Entdinglichung

… alle Verhältnisse umzuwerfen, in denen der Mensch ein erniedrigtes, ein geknechtetes, ein verlassenes, ein verächtliches Wesen ist … (Marx)

Neville Alexander (1936-2012)

Posted by entdinglichung - 27. August 2012

Heute starb im Alter von 75 Jahren Neville Alexander, südafrikanischer revolutionärer Marxist und Kämpfer gegen das Apartheidsystem, der von 1963 bis 1974 auf Robben Island inhaftiert war, während eines Studienauftenhaltes in Tübingen um 1960 Mitglied des SDS, Wissenschaftler und lebenslanger Kämpfer gegen alle Formen von Unterdrückung und Ausbeutung, aus einem Nachruf, möge die Erde dir leicht sein, Neville!

„As a young man Professor Alexander was arrested in July 1963 along with a number of National Liberation Front members and convicted in 1964 of conspiracy to commit sabotage. He was jailed on Robben Island from 1964 to 1974 — a period that coincided with that of Nelson Mandela, Walter Sisulu and a number of the country’s most important political activists. Upon his release he was banned and placed under house arrest in Lotus River, Cape Town, until 1979. He later shared ideas with the leaders of the Black Consciousness Movement, including Steve Biko, and came to play a formative role in the establishment of activist groups in the Western Cape. After the reconciliation talks between the African National Congress and the National Party, Alexander was in the forefront of the establishment of the Workers‘ Organisation for a Socialist Azania.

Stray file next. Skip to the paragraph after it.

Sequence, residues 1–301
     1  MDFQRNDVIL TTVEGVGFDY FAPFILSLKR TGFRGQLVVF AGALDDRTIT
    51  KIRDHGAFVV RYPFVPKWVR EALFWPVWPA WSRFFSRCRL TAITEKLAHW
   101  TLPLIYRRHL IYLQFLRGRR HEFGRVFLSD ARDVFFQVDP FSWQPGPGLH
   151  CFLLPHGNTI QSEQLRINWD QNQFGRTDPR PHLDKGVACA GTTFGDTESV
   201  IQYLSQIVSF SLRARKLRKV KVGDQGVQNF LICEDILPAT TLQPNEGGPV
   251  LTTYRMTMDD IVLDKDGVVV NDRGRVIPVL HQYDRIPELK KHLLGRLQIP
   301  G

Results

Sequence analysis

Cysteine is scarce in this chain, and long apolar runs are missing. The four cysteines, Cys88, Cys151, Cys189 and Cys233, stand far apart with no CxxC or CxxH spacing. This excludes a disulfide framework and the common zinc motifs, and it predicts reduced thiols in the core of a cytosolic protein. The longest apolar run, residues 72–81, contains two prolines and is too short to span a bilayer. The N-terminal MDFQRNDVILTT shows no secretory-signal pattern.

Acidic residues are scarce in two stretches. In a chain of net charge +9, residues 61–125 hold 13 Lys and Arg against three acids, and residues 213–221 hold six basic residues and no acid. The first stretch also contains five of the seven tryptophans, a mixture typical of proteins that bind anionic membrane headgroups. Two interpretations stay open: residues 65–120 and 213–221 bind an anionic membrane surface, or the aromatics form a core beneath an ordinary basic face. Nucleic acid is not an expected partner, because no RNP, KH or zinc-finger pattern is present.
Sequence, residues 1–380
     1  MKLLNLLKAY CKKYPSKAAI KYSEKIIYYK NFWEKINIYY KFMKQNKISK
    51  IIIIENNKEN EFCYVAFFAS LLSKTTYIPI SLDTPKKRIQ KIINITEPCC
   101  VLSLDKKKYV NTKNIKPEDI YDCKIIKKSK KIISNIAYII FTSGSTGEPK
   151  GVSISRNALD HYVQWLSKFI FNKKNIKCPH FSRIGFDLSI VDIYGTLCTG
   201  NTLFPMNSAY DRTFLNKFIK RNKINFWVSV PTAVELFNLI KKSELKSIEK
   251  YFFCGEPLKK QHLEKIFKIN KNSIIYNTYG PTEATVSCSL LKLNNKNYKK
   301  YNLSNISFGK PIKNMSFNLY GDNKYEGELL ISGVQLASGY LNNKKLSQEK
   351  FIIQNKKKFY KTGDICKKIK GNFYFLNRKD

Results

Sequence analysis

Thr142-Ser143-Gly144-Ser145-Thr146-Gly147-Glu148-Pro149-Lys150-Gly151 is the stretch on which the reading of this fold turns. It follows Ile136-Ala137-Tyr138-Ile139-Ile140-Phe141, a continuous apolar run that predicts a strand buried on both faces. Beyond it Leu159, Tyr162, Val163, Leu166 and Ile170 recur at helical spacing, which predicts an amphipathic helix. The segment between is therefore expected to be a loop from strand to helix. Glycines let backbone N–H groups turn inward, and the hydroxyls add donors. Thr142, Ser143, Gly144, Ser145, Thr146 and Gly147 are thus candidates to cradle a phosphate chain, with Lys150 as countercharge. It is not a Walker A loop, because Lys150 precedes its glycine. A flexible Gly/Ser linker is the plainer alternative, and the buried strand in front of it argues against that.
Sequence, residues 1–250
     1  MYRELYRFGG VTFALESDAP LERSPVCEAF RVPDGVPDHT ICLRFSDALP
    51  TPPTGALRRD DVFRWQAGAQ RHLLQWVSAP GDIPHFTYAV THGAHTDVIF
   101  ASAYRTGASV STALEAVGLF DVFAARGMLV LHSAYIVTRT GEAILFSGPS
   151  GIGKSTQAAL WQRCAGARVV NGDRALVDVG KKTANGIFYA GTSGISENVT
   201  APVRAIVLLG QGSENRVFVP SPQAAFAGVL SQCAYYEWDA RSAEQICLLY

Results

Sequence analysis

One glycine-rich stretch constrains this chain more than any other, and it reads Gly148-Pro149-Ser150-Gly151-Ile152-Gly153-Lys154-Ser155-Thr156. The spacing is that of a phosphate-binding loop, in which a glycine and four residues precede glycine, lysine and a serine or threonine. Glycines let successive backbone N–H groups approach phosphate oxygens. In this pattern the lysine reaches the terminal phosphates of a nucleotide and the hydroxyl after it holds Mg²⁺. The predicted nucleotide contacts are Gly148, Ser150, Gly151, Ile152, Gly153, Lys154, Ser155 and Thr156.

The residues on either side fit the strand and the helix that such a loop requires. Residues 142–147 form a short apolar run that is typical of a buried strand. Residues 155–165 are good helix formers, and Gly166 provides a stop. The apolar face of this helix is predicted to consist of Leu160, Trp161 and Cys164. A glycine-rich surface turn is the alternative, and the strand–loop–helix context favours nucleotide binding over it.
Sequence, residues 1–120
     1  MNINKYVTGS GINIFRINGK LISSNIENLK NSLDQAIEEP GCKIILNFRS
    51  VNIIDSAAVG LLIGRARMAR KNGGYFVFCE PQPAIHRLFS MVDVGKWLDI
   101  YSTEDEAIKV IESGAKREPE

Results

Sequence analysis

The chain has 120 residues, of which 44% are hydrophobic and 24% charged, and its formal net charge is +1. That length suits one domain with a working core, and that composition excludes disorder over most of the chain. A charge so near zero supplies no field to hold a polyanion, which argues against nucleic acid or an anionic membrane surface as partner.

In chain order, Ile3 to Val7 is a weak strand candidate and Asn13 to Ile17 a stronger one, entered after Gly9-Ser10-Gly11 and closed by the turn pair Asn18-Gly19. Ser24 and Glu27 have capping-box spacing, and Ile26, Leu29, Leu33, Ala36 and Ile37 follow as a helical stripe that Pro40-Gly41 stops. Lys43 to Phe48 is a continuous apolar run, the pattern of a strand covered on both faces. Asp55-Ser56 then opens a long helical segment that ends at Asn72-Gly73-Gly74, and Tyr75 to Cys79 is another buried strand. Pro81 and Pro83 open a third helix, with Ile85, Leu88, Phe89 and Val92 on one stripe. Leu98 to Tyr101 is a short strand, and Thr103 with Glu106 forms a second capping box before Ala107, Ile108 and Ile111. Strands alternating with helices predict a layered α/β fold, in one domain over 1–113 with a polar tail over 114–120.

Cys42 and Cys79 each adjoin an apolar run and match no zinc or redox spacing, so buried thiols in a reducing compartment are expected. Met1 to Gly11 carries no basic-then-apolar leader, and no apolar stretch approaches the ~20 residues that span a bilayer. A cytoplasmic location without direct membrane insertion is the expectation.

Professor Alexander was in Cradock, Eastern Cape, in October 1936 to David James Alexander, a carpenter, and Dimbiti Bisho Alexander, a schoolteacher. His maternal grandmother was one of sixty-four Oromo children who were enslaved in Ethiopia in 1888 and were subsequently brought to Lovedale in the Eastern Cape. His maternal grandfather was a Presbyterian Church pastor.

Professor Alexander excelled as a UCT student in German and History, graduating with a BA in 1955 and a Master of Arts in 1957 (German: Thesis on the Silesia Baroque drama of Andreas Gryphius and Daniel Caspar von Lohenstein). He completed his PhD in 1961 at the University of Tübingen in Germany with a dissertation on style change in the dramatic work of Gerhart Hauptmann. He also completed a BA (Hons) degree in History by correspondence in 1971 during his imprisonment on Robben Island.“

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